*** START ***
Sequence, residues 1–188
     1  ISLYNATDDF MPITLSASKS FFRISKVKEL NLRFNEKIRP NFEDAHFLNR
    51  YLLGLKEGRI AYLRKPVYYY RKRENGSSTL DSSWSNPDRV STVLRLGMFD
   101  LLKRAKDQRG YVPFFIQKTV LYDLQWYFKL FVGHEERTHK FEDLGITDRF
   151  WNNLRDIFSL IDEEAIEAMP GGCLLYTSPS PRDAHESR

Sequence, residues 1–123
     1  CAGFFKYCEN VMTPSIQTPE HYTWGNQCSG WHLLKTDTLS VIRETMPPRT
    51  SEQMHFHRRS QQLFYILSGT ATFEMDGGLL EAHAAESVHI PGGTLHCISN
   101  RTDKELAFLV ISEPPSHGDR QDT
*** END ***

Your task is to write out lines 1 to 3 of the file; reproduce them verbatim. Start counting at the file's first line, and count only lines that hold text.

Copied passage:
Sequence, residues 1–188
     1  ISLYNATDDF MPITLSASKS FFRISKVKEL NLRFNEKIRP NFEDAHFLNR
    51  YLLGLKEGRI AYLRKPVYYY RKRENGSSTL DSSWSNPDRV STVLRLGMFD